Dispatch from Vermont: On Hubert Butler, Local Histories, and Places of Identity Formation

Last week, I took a five-day trip with my family to Vermont. This was my first time in the state and my first extended “travel” since moving to New York City in January.

Vermont was a refreshing detour for me. After seven months in Manhattan, it was good to retreat to a state with lots of green mountains but not a single billboard, and whose largest city has fewer than 50,000 residents.

What I enjoyed most in Vermont was experiencing the many hints of local pride, which were rooted in a very specific but deep history. From listening to a long-winded but impassioned brewery tour guide to coming across an intricate alleyway mural chronicling the centuries-long story of Burlington’s Church Street Marketplace, I got an impression that Vermonters truly had a sense of ownership of their home state.

During one of our evenings off, I skimmed through an essay anthology I found on a bookshelf in our rental home and stumbled across a piece by the late Hubert Butler, an Irish essayist. He writes in the essay “Beside the Nore”:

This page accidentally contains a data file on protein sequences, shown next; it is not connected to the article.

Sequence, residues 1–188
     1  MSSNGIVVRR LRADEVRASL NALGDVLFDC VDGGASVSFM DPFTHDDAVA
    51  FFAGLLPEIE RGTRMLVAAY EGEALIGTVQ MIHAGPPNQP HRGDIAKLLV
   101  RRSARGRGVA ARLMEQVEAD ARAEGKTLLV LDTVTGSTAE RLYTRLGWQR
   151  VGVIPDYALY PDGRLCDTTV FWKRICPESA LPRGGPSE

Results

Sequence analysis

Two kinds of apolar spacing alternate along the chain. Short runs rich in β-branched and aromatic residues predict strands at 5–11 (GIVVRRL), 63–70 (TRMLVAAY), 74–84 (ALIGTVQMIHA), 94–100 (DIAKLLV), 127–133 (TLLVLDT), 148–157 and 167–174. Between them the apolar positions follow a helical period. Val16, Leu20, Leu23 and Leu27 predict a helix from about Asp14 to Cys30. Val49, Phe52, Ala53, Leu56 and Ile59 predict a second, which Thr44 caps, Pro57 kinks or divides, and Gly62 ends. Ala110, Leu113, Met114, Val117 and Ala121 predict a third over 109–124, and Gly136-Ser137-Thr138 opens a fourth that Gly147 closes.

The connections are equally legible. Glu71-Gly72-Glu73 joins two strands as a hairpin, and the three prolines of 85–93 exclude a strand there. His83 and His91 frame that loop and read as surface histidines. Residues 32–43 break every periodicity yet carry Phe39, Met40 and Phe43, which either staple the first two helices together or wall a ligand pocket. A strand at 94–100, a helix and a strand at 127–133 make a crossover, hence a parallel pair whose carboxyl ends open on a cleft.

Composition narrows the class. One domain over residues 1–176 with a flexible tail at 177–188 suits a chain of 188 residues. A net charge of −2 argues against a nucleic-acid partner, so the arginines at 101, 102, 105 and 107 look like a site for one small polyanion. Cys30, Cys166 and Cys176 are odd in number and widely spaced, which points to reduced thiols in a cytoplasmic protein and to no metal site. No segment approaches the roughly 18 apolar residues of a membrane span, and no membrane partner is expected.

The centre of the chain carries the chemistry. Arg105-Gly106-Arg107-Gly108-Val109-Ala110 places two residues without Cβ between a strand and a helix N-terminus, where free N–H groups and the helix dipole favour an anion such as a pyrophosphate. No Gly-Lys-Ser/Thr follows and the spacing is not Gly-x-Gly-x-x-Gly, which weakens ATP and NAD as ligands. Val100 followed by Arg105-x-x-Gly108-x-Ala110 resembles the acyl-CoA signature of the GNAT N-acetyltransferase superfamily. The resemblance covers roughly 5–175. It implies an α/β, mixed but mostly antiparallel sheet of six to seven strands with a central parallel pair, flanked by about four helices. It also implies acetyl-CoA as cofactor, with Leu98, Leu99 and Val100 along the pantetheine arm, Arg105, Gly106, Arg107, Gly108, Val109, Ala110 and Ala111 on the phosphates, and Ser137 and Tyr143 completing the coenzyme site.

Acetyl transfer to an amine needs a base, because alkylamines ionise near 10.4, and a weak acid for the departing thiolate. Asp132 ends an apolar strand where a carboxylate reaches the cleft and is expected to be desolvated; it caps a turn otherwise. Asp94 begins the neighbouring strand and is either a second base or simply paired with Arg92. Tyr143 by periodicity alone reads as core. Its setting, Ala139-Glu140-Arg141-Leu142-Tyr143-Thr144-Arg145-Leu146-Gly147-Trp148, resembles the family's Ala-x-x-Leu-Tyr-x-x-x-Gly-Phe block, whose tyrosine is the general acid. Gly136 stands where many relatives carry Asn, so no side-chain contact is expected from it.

I have always believed that local history is more important than national history… Where life is fully and consciously lived in our own neighborhood, we are cushioned a little from the impact of great far-off events which should be only of marginal concern to us.

Many people — myself included — move to places such as New York or Los Angeles to, at least in part, “find ourselves.” And while these journeys of identity creation may be rewarding, my brief time in Vermont has reminded me to appreciate the other neighborhoods that have formed me and my family — a blue-collar suburb in New Jersey, a mountain village in central Taiwan, a coastal town in Southern China — places with richer stories than their seemingly unassuming natures might suggest.

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